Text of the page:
Bald eagles (Haliaeetus leucocephalus) once inhabited all of North America, but now more commonly live to the south of the region, in areas such as California, Arizona and the Gulf of Mexico. These large, majestic birds are keen hunters and spend a lot of time soaring the skies looking for food. Certain adaptations contribute to their superb predatory skills.
The term "eagle-eyed" is an accurate description for excellent vision. A bald eagle's eyesight is four to eight times better than that of a human. This means they can easily spot potential prey from far above the ground, where other birds wouldn't see it. Eagles also have a bony ridge above their eyes that minimizes glare from the sun. These adaptations greatly improve their hunting ability, helping them to find all the food they need.
It's crucial to spot your prey, but if you can't grab it you won't be eating dinner. Bald eagles have specially adapted feet and talons to help them out. A series of bumps on the bottom of their feet -- known as spicules -- help them hold on to their prey during flight. They also have razor-sharp talons that they use to grab their prey, kill it and tear into its flesh.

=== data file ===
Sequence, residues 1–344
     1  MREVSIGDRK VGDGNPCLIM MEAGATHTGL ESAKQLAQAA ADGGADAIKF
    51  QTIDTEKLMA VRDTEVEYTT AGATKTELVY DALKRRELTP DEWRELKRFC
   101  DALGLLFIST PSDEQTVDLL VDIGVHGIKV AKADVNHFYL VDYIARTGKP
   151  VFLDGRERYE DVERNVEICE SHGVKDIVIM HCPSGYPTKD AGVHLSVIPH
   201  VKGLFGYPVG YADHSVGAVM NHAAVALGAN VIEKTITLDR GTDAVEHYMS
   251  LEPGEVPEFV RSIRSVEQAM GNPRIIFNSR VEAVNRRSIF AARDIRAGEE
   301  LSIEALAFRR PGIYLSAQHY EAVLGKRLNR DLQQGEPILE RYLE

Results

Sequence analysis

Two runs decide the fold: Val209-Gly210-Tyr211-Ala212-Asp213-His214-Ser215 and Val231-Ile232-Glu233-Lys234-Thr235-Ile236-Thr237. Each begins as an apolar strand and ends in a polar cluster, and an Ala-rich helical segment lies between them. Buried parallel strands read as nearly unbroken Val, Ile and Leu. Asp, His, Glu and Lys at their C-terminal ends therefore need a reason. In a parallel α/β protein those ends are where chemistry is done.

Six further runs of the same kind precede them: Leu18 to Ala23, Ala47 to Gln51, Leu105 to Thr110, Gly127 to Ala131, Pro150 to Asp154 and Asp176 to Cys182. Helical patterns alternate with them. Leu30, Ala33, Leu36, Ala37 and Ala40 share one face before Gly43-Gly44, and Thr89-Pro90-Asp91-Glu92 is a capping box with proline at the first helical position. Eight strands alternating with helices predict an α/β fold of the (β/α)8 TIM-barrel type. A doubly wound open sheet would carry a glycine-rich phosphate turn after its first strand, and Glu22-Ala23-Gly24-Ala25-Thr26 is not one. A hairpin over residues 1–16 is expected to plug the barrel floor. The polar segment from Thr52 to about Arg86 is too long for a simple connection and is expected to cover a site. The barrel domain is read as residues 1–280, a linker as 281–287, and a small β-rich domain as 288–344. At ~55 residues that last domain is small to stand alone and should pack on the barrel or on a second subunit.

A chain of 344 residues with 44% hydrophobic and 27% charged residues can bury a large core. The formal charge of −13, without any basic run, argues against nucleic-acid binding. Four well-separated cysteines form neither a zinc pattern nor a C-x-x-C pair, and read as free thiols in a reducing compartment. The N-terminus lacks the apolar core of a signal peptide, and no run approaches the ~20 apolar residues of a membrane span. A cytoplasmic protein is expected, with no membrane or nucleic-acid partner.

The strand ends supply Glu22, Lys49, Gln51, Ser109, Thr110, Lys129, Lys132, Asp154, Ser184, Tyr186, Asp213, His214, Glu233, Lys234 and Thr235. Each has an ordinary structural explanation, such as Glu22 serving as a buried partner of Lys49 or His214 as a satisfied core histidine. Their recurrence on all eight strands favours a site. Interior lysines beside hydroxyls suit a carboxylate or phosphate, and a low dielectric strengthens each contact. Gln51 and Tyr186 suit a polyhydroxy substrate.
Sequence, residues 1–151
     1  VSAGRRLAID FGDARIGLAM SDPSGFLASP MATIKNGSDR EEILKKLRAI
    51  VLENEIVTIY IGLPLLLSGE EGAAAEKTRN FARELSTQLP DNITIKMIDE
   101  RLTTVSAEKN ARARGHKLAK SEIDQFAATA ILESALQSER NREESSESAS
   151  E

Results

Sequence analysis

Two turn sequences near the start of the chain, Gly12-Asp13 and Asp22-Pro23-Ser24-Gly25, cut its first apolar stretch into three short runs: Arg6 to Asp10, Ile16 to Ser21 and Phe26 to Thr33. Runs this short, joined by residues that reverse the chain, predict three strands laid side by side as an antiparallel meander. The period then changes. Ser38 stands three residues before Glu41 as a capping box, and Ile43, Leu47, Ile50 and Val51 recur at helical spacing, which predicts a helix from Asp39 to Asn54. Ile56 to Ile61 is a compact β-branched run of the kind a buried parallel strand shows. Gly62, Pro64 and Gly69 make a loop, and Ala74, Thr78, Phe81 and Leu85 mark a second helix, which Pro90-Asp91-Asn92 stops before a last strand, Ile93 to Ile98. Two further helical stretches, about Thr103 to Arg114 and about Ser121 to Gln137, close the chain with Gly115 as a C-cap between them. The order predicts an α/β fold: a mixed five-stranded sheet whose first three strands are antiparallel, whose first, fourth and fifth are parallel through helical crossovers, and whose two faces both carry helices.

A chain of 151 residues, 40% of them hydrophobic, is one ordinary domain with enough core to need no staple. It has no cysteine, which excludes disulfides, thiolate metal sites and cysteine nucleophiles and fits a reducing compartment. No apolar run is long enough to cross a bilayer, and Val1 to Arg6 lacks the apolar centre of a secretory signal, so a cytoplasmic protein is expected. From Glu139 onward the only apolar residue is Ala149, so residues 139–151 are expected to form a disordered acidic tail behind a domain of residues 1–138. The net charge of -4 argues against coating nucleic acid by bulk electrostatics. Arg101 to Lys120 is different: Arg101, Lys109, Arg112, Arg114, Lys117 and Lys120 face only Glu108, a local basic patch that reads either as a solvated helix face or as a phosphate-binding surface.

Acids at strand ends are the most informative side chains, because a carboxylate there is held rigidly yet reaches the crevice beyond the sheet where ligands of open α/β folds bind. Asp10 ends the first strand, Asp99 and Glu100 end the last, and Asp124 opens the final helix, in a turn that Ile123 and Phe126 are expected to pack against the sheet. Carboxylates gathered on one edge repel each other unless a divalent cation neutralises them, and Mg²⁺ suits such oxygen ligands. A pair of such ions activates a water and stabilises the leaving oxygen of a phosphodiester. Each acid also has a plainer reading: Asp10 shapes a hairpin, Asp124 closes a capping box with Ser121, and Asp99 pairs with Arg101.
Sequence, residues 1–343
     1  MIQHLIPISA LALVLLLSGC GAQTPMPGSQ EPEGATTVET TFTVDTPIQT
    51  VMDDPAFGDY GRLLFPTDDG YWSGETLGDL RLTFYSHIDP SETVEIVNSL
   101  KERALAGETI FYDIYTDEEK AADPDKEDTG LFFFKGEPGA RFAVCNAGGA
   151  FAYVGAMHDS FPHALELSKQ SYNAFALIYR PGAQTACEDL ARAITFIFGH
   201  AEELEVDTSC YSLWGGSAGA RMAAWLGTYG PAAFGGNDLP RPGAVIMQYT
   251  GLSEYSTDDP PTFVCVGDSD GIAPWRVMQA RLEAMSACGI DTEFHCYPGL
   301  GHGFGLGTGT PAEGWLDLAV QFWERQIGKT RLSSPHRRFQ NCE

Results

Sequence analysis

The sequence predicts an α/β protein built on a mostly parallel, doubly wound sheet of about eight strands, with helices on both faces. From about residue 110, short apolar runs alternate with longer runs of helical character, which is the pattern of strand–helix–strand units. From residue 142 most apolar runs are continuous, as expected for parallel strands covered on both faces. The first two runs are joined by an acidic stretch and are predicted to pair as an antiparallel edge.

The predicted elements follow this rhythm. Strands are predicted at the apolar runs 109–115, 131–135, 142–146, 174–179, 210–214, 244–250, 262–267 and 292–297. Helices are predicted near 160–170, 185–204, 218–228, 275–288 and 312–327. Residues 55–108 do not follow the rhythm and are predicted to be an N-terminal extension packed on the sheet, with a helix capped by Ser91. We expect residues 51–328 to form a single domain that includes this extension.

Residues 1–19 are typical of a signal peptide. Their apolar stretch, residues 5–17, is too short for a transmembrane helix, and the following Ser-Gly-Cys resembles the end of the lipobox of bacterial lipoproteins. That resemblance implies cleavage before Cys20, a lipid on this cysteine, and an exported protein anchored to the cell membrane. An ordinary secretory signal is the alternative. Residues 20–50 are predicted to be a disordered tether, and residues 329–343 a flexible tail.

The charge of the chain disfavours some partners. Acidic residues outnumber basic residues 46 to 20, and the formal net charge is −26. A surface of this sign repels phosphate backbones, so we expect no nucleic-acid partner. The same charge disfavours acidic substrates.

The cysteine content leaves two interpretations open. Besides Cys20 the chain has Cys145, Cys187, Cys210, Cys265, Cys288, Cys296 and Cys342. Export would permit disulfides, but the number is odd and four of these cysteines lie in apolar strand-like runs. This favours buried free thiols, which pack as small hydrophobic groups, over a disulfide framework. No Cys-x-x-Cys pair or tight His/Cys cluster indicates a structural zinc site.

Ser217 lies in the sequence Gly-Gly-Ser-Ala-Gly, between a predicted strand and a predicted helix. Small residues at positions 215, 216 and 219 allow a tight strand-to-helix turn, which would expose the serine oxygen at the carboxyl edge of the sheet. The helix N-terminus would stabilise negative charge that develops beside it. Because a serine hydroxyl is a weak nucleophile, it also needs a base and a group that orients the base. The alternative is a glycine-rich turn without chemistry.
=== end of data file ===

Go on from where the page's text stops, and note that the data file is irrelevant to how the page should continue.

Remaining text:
Bald eagles have several useful adaptations to help them devour their prey. In addition to talons, they use their sharp, pointed beaks to tear into and eat their meals. They primarily eat fish -- although also some birds, mammals and reptiles -- and their beaks are tough enough to tear and eat the flesh of larger prey bite by bite. When they catch a smaller dinner, they'll eat it in one sitting, but they'll regurgitate its bones and other indigestible parts.
Rather than flying and striking quickly, like other birds of prey, eagles soar slowly above the ground, utilizing natural air currents. Extremely large wingspans -- sometime more than 7 1/2 feet -- allow them to easily catch the currents and drift through the air. This conserves a lot of energy, meaning they can stay up in the air looking for prey for a longer amount of time before tiring.
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